People experiencing hallucinations because of stimulants like bath salts, meth, or crack may pick at their skin, or even develop formication, a hallucination that there are insects crawling on them. This excessive scratching or picking damages the skin, leading to open sores that can become infected.
Identifying Stimulant Abuse
Though the signs and symptoms aren’t always so straightforward, a person struggling with addiction to a stimulant drug may appear highly energized or very excited followed by extreme fatigue a few hours later. They may begin to suffer from anxiety or depression. They may shake or develop tremors; their skin could develop acne or sores; their oral hygiene may be visibly poor; they may cough if they smoke stimulants; they may struggle with infections that never seem to clear up, like lung infections; they may intermittently hallucinate or become paranoid.
Given the chance, health professionals might detect high blood pressure or changes in heart rhythm, dilated pupils, weight changes, lung and nasal problems, new mood disturbances, tremors, or other signs of stimulant abuse.
Additionally, other symptoms or behavioral changes in a person with a stimulant use disorder might include:7,9
- An inability to stop the continued, compulsive use of stimulant drugs.
- Spending increasing amounts of time and resources to obtain and use the drug.
- Choosing to take the drug over going to work, school, or social engagements
- Building a tolerance to stimulants, necessitating increasing doses to achieve the desired effects.
- Experiencing withdrawal symptoms when not taking drugs.
- Lying about substance abuse.
- Hiding evidence of substance abuse.
- Stealing prescriptions, money, or valuables to get more drugs
Professional detox and addiction treatment services can help those who struggle with stimulant addiction. While withdrawing from most stimulants is not life-threatening, it can be difficult and can usher in a host of unpleasant symptoms such as sleep disturbances, nightmares, and depression.7,10
Profound dysphoria and the potential for suicidal thoughts is an important concern with people experiencing stimulant withdrawal. The predominantly psychological withdrawal symptoms may dissipate after several days but may persist for several weeks. During this important period of early recovery, the supervision and support of a professional detox center can help to keep a patient safe and comfortable, as well as prepare them for additional substance abuse rehabilitation programming.10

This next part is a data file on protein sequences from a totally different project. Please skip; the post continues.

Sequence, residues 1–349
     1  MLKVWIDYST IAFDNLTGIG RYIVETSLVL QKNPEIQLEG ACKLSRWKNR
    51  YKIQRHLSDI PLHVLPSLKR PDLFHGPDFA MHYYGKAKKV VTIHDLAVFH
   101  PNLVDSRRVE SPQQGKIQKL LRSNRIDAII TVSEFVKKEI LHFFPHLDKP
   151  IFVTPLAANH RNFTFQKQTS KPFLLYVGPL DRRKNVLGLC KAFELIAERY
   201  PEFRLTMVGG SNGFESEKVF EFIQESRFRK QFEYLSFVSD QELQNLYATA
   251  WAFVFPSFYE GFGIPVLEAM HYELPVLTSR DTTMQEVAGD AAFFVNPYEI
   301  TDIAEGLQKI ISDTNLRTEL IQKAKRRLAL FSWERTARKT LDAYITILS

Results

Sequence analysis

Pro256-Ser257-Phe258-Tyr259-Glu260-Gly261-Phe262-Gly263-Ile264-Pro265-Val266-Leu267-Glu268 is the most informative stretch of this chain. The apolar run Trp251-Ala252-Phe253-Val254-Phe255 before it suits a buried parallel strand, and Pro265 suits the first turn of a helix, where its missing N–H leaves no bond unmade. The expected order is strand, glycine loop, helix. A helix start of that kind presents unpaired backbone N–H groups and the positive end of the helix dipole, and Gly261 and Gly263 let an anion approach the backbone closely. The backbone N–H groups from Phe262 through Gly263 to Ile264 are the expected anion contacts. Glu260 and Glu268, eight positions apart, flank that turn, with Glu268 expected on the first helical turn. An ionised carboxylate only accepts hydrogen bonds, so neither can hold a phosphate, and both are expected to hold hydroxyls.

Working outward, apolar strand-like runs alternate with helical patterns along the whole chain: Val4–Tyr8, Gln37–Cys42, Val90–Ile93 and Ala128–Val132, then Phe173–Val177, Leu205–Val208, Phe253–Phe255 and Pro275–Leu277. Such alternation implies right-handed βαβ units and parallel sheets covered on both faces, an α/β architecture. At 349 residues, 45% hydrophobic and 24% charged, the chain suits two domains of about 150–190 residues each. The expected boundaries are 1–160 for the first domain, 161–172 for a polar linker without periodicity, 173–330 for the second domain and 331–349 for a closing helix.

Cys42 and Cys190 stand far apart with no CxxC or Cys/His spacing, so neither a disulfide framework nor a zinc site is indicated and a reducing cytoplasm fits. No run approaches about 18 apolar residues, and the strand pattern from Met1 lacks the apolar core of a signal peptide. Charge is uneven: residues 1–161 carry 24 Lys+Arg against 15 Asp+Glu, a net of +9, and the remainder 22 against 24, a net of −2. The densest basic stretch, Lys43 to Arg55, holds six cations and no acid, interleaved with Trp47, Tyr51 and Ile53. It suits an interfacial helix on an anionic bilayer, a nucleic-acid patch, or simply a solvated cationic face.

Some other potential stimulant withdrawal symptoms include:7,10
- Hypersomnia or insomnia.
- Slowed movements.
- Dulled senses.
- Poor concentration.
- Increased appetite.
- Intense cravings for the drug.
While substances like alcohol and opioids have FDA-approved medications indicated for use in their addiction treatment, there are no medications specifically approved to manage stimulant use disorders.11 Medications may still be administered to manage certain symptoms to arise during withdrawal, however.
Treatment for Stimulant Use Disorders
Though the supervision, support, and symptomatic management provided throughout the withdrawal period are important, a key element of formal detoxification programs is their work to facilitate ongoing rehabilitation beyond the withdrawal period.10 It is during a longer-period of substance abuse treatment or rehabilitation that people with stimulant use disorders will be best able to set the tone for their new life in recovery.
And they’ll be able to do so with the help of various forms of evidence-based behavioral therapy, including cognitive-behavioral therapy, motivational interviewing, and contingency management. Therapeutic techniques such as these help people to embrace their need for treatment, stay engaged with their ongoing treatment efforts, and make positive changes to their thoughts and behaviors to solidify the gains made during recovery work.
Another behavioral treatment that has been used for treating stimulant addiction is the Matrix Model. Matrix therapists are a combination of coach and teacher, offering positive reinforcement for good changes in behavior and increasing awareness of the negative impacts of some behaviors. The therapist gives specific suggestions and recommends changes to help their client learn better behaviors.12
People who struggle with concurrent mental health issues—such as depression or bipolar disorder—may benefit from the additional treatment focus afforded by a dual diagnosis or co-occurring disorder treatment program. Underlying health conditions, like heart damage or lung problems, which were caused by stimulant abuse should be treated by a doctor. This will likely involve long-term management and lifestyle changes. For more information about how Greenhouse Treatment Center can help you recover from stimulant addiction, call 972-848-0221 to speak with an admissions navigator today.
- National Institute on Drug Abuse. (2020). What classes of prescription drugs are commonly misused—What are stimulants?
- National Institute on Drug Abuse. (2020). Trends and Statistics—Overdose Death Rates.
- Brenner, G.M., & Stevens, C.W. (2018). Brenner and Stevens’ Pharmacology, Fifth Edition. Philadelphia: Elsevier.
- National Institute on Drug Abuse. (2018). DrugFacts—Prescription Stimulants.
- Drug Enforcement Administration—Diversion Control Division. (2019). Cocaine.
- National Institute on Drug Abuse. (2020). Synthetic Cathinones (“Bath Salts”) DrugFacts.
- Diagnostic and statistical manual of mental disorders: DSM-5 (5th ed.). (2013). Washington, D.C.: American Psychiatric Association.
- National Institute on Drug Abuse. (2020). MDMA (Ecstasy/Molly) DrugFacts.
- Mayo Clinic. (2017). Drug Addiction (Substance Use Disorder)—Symptoms and Causes.
- Substance Abuse and Mental Health Services Administration. (2015). TIP 45: Detoxification and Substance Abuse Treatment.
- Substance Abuse and Mental Health Services Administration. (2020). Treatment of Stimulant Use Disorders.
- National Institute on Drug Abuse. (2020). The Matrix Model (Stimulants).